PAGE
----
Feinstein, after all, has never complained about the many other times, particularly over the last 14 years or so, that the CIA has trashed the 4th Amendment or the law of the land. Only now, when she learns that the Agency’s spooks raided her own Intelligence Committee’s computers and deleted incriminating files about its torture program, and then asked the Justice Department to bring criminal charges against her staff members for removing files from a CIA-provided “safe room” at its headquarters to a real safe room in the Senate Office building, did the Agency’s actions in her view rise to the level of a Constitutional crisis.

But there it is. The senator who, as the main person responsible for oversight of the National Security State has been a rank apologist for its worse abuses, and an advocate for the NSA’s wholesale program of spying on the American people, is now concerned that the CIA has been spying on her and her committee.

John Stewart put it best [2], when, channeling the late great George Carlin, he said, “I see, our stuff is just s**t, but her s**t is … stuff!”

The irony is rich, but I doubt that much will come of this dust-up.

Sen. Feinstein and her husband Blum, already one of the wealthiest power couples of the Senate, still have much money to earn by leveraging her committee positions in Congress.

Clearly, she has an ego though, and is at the moment is on the warpath.

I suppose if CIA Director William Brennan continues to act like the wronged partner, implying that Sen. Feinstein is off her nut, she could escalate her rage and drag him into a Senate hearing room under oath to humiliate him, which would be truly entertaining. But she’s unlikely, judging by her record of fealty to the Intelligence Establishment, to do anything serious, like lock the bastard up for lying to, or hiding evidence from Congress. this is what should happen, and what her committee should have done long ago to Brennan’s boss, National Intelligence Director James Clapper, who famously stated under oath to her committee, in response to a direct question from committee member Sen. Ron Wyden (D-OR) that the NSA was “not spying on American citizens.”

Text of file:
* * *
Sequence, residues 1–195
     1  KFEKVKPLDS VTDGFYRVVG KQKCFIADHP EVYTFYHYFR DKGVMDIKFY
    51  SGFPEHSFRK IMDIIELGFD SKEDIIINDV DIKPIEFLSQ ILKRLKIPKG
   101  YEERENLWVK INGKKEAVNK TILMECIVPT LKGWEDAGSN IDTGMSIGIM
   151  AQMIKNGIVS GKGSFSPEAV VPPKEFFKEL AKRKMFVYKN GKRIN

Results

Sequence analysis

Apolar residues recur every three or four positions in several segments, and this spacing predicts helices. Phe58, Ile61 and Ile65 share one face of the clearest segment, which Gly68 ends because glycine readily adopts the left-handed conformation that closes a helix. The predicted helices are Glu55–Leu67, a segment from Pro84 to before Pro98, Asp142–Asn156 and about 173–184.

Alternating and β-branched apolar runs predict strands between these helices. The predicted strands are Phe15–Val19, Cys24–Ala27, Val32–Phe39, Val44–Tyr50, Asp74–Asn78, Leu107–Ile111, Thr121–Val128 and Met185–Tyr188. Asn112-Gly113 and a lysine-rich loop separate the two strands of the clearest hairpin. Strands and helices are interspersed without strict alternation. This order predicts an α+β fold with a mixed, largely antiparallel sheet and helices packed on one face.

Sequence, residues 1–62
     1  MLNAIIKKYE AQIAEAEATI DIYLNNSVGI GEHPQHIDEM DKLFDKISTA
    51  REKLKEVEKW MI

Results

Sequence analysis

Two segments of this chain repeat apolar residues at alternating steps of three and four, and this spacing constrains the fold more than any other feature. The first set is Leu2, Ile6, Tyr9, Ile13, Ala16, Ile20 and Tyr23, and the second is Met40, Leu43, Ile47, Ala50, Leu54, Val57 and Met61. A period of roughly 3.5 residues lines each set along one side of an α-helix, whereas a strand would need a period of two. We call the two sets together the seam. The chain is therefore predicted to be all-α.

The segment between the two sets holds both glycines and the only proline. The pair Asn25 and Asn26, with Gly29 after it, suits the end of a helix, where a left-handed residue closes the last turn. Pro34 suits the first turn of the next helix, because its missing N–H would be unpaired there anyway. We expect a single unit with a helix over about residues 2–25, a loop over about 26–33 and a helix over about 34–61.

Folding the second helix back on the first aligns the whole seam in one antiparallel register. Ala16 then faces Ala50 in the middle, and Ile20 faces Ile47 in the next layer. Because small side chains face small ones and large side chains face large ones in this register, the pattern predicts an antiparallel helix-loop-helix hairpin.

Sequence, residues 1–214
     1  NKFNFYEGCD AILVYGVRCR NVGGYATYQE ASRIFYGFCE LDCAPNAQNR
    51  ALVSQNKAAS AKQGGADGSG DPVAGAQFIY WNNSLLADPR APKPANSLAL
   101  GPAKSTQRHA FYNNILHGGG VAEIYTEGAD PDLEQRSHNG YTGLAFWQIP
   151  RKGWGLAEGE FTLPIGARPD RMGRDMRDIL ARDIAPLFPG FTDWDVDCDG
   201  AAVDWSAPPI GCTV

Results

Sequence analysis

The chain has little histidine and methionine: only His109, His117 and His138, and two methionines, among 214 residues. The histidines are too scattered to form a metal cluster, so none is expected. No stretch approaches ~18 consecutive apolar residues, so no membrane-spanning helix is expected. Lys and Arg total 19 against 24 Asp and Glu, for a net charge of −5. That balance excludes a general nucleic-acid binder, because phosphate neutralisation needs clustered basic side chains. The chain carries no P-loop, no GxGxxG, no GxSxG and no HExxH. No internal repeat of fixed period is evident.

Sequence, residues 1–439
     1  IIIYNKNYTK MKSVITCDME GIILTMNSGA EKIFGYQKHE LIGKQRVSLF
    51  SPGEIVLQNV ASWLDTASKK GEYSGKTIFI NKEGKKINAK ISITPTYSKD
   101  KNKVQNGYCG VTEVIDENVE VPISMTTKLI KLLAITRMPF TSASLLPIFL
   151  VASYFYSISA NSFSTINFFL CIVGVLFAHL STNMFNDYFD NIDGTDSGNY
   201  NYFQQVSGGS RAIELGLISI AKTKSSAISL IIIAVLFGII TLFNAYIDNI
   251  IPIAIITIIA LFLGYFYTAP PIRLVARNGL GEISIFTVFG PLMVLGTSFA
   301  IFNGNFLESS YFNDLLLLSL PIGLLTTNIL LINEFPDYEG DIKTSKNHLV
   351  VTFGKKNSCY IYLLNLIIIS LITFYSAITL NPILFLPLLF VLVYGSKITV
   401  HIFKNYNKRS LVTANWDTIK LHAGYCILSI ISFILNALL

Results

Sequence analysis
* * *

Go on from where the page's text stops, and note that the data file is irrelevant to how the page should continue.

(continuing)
The only hope at this point is that California voters will finally decide, when she comes up for re-election again way off in 2018, that they’ve had enough of this wretched and hypocritical senator, and that they’ll drag her and her oligarch husband away from the trough where they’ve been feeding for far too long.

Meanwhile, maybe a few of the less corrupt members of the Senate could pick up where her bruised ego left off, and demand a serious investigation into the CIA’s and NSA’s many crimes against the people of the US and the world.

Dave Lindorff is a founding member of ThisCantBeHappening!, an online newspaper collective, and is a contributor to Hopeless: Barack Obama and the Politics of Illusion (AK Press).

Dave Lindorff is a founding member of ThisCantBeHappening!, an online newspaper collective, and is a contributor to Hopeless: Barack Obama and the Politics of Illusion (AK Press).